Urban Computing

Yu Zheng, Licia Capra, Ouri Wolfson, Hai Yang
2014 ACM Transactions on Intelligent Systems and Technology  
Urbanization's rapid progress has modernized many people's lives but also engendered big issues, such as traffic congestion, energy consumption, and pollution. Urban computing aims to tackle these issues by using the data that has been generated in cities (e.g., traffic flow, human mobility, and geographical data). Urban computing connects urban sensing, data management, data analytics, and service providing into a recurrent process for an unobtrusive and continuous improvement of people's
more » ... , city operation systems, and the environment. Urban computing is an interdisciplinary field where computer sciences meet conventional city-related fields, like transportation, civil engineering, environment, economy, ecology, and sociology in the context of urban spaces. This article first introduces the concept of urban computing, discussing its general framework and key challenges from the perspective of computer sciences. Second, we classify the applications of urban computing into seven categories, consisting of urban planning, transportation, the environment, energy, social, economy, and public safety and security, presenting representative scenarios in each category. Third, we summarize the typical technologies that are needed in urban computing into four folds, which are about urban sensing, urban data management, knowledge fusion across heterogeneous data, and urban data visualization. Finally, we give an outlook on the future of urban computing, suggesting a few research topics that are somehow missing in the community. 38:4 Y. Zheng et al. information will be delivered to the transportation authority for dispersing traffic and diagnosing the anomaly. The system continues the loop for an instant and unobtrusive detection of urban anomalies, helping improve people's driving experiences and reduce traffic congestion. Compared with other systems (e.g., web search engines) that are based on a single (modal)-data/single-task framework (i.e., information retrieval from web pages), urban computing holds a multi(modal)-data/multitask framework. The tasks of urban computing include improving urban planning, easing traffic congestion, reducing energy consumption, and reducing air pollution. Additionally, we usually need to harness a diversity of data sources in a single task. For instance, the aforementioned anomaly detection uses human mobility data, road networks, and social media. Different tasks can be fulfilled by combining different data sources with different data acquisition, management, and analytics techniques from different layers of the framework. Key Challenges The goals and framework of urban computing result in three main challenges: 38:6 Y. Zheng et al. challenging. In addition, when facing multiple types and huge volumes of data, seeing how exploratory visualization [Andrienko et al. 2003] can provide an interactive way for people to generate new hypotheses becomes even more difficult. This calls for an integration of instant data-mining techniques into a visualization framework, which is still missing in urban computing. 3. Hybrid systems blending the physical and virtual worlds: Unlike a search engine or a digital game where the data was generated and consumed in the digital world, urban computing usually integrates the data from both worlds (e.g., combining traffic with social media). Alternatively, the data (e.g., GPS trajectories of vehicles) is generated in the physical world and then sent back to the digital world, such as a cloud system. After the data is processed with other data sources in the cloud, the knowledge learned from the data will be used to serve users from the physical world via mobile clients (e.g., driving direction suggestions, taxi ridesharing, and air quality monitoring). The design of such a system is much more challenging than for conventional systems that only reside in one world, as the system needs to communicate with many devices and users simultaneously and send and receive data of different formats and at different frequencies. Urban Data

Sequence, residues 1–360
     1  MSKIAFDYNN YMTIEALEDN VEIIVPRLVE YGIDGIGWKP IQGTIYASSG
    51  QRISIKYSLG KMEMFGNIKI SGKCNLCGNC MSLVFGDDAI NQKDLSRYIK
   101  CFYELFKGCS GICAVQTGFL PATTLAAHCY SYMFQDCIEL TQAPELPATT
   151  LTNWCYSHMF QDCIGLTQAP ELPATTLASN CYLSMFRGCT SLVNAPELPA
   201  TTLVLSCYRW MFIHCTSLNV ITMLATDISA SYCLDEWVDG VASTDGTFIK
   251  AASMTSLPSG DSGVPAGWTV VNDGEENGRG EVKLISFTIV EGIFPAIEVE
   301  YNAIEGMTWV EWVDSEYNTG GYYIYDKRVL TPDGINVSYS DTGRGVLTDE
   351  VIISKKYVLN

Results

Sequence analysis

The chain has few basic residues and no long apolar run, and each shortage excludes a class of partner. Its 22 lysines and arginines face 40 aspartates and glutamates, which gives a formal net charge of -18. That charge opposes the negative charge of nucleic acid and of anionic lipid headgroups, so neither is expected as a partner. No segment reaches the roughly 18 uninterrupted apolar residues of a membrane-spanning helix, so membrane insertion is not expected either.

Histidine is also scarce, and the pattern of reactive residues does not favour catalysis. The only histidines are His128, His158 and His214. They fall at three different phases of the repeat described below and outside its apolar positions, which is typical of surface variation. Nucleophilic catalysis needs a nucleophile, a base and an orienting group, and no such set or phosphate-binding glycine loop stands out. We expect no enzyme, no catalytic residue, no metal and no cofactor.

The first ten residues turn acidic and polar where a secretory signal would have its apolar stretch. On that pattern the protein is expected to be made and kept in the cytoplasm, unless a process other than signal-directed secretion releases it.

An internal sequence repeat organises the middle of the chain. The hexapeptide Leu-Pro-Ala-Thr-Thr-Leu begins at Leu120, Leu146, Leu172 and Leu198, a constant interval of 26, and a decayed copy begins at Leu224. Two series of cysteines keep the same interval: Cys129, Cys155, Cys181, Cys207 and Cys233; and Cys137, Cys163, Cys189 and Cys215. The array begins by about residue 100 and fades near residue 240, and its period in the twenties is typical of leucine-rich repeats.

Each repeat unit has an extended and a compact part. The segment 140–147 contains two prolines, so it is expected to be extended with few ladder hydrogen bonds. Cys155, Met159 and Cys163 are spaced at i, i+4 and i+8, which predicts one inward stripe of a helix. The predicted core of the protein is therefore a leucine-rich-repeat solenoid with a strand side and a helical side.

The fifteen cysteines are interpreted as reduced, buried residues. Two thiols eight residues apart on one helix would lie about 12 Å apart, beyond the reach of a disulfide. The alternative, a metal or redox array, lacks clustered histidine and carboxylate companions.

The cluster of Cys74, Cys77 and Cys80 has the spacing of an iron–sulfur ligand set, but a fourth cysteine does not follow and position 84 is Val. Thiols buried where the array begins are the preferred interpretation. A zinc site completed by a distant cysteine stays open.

doi:10.1145/2629592 fatcat:no5gcshbmrdfphv6ewm6wdoewq